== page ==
Bernard’s sources of inspiration for this new approach to modern art were indeed varied. Writing the French Symbolist magazine La Revue Indépendante, the art critic Charles Dujardin coined the term Cloisonnisme to describe Bernard’s style—a reference to the medieval craft of stained glass, inserted into a compositional framework of thick metal. The flat planes of color in Japanese woodcuts were also important to Bernard’s practice; he had studied these examples of these prints in the Parisian shop of the famed dealer, Père Tanguy, in 1887, together with his friend and colleague Vincent van Gogh.
Bernard’s formal experimentation—as well as his interest in rural Breton subjects—was further advanced in August 1888. He spent several weeks working in collaboration with the artist Paul Gauguin in Pont-Aven, Brittany, observing the deep piety and distinctive folk traditions of the region. Together, Bernard and Gauguin also explored a “Synthetist” style of painting, which Gauguin described as a “synthesis of a form and a color” (quoted in ibid., p. 5). Bernard and Gauguin galvanized one another during this halcyon summer; in tandem, they produced two of their most famous canvases, which would ultimately come to define the so-called Pont-Aven school: Bernard’s Les Bretonnes dans la prairie (Le Pardon) (Luthi and Israël, no. 115; Musée d’Orsay, Paris) and Gauguin’s Vision après le sermon (National Galleries of Scotland, Edinburgh).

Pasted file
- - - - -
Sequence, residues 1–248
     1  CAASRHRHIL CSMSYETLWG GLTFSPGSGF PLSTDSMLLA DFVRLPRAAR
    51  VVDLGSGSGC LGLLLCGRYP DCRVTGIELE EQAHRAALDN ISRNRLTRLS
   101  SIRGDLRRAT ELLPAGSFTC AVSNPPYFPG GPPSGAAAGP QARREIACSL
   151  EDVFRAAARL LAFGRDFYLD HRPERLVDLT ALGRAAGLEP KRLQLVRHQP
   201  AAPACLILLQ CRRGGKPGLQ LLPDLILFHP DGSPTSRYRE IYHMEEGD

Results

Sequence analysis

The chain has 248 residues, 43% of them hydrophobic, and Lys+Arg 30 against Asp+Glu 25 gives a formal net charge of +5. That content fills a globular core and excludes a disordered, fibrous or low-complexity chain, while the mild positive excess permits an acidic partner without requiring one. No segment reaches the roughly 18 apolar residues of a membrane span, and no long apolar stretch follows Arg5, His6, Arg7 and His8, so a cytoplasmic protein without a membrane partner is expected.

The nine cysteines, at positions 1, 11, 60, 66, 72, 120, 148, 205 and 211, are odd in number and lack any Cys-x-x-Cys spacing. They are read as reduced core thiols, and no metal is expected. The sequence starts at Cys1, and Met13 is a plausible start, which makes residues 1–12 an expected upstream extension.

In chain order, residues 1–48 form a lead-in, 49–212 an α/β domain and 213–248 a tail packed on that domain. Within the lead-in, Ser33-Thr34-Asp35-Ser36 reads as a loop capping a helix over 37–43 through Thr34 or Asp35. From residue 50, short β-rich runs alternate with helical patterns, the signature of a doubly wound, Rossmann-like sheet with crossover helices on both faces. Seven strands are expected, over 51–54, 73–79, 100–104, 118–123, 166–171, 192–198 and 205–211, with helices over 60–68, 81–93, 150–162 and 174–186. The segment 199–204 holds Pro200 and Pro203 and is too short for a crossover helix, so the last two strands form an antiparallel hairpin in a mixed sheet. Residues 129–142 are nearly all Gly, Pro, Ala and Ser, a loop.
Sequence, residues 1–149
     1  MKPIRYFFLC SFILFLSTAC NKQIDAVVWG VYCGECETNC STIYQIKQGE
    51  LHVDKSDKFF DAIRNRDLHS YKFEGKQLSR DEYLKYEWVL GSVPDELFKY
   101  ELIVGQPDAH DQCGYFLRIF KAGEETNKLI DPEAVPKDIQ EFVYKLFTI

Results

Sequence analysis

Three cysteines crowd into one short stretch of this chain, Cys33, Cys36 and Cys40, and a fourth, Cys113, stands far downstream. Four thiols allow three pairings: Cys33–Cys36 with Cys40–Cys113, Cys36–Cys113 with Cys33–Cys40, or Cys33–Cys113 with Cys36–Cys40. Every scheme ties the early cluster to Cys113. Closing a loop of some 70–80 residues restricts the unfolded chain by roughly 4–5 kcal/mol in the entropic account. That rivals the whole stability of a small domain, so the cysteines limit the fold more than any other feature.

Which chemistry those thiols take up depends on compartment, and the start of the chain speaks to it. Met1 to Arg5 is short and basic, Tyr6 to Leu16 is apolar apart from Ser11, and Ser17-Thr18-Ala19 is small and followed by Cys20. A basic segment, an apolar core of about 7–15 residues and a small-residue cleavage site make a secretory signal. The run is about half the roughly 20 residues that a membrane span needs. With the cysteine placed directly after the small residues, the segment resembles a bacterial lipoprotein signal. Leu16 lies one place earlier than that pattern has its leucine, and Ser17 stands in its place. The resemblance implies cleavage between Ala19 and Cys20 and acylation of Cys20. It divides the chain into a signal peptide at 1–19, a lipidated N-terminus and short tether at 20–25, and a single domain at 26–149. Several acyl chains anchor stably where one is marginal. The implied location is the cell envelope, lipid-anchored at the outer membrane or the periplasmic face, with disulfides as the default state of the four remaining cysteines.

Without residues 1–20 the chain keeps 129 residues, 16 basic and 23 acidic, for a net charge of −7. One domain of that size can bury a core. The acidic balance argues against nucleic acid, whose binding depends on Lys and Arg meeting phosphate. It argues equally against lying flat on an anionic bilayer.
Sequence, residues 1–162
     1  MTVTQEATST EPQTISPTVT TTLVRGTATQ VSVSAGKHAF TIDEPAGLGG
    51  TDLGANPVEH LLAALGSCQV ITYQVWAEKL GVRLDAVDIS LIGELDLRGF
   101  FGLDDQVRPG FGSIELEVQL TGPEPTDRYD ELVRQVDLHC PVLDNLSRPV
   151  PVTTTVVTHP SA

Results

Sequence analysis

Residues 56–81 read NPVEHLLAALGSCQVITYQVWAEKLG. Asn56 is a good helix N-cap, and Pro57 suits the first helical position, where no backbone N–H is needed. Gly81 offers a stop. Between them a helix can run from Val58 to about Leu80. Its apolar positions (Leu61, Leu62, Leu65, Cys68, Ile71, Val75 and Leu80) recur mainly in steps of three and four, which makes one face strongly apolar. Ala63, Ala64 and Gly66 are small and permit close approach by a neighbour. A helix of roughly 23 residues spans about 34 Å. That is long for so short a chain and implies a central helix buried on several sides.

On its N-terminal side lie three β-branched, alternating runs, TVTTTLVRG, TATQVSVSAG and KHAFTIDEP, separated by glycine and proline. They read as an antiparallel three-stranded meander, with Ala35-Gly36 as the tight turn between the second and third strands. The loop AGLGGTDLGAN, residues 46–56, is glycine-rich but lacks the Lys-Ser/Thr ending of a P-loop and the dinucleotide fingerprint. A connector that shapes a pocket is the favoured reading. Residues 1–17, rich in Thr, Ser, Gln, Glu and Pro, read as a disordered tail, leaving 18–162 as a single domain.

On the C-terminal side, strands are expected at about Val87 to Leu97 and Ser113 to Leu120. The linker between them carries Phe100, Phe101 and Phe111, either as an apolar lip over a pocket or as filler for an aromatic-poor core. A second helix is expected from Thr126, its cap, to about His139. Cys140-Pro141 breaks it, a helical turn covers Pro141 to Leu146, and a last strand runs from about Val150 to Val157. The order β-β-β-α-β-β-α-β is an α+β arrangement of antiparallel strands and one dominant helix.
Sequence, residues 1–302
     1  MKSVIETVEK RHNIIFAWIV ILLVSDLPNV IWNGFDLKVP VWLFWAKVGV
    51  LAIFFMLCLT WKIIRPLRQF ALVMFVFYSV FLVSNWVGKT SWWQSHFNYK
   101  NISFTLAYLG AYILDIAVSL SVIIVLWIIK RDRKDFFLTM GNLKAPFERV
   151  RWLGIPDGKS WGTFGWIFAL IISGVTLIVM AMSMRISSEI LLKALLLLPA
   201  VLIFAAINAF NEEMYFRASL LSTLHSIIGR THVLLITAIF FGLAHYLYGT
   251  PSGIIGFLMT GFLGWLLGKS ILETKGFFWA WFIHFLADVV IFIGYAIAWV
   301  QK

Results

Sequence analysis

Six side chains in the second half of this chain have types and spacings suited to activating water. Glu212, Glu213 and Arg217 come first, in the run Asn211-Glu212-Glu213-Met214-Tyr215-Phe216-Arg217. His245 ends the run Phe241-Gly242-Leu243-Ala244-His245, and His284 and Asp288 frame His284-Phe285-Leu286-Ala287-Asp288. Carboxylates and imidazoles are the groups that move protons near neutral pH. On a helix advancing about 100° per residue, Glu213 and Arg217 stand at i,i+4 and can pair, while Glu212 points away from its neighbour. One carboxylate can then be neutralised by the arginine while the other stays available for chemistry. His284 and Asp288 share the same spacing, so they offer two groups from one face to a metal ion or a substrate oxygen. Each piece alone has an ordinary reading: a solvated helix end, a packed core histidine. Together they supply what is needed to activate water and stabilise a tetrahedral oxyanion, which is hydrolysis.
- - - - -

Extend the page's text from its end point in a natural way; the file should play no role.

By 1891, however, the friendship and professional collaboration between Bernard and Gauguin had fractured; critics like Albert Aurier hailed Gauguin as the primary founder of this stylistic movement—to the jealous frustration of then-twenty-three-year-old Bernard, who was nearly half Gauguin’s age. Though he grew increasingly disillusioned with the Parisian art world, Bernard submitted his work to several major avant-garde exhibitions, including the Salon des Indépendants in 1892—the same year he painted Bretonnerie (Bretonnes dans une prairie). Soon thereafter, however, Bernard left France entirely. He spent the next decade living in a self-imposed exile in Cairo, where he turned his attention to painting Egyptian subjects and religious decorative commissions. The present painting, so evocative of Bernard’s youthful ambition and his productivity in Pont-Aven, likely remained in France; it was eventually acquired by the modern art dealer Ambroise Vollard around the turn of the twentieth century, before re-entering the collection of the artist by 1941.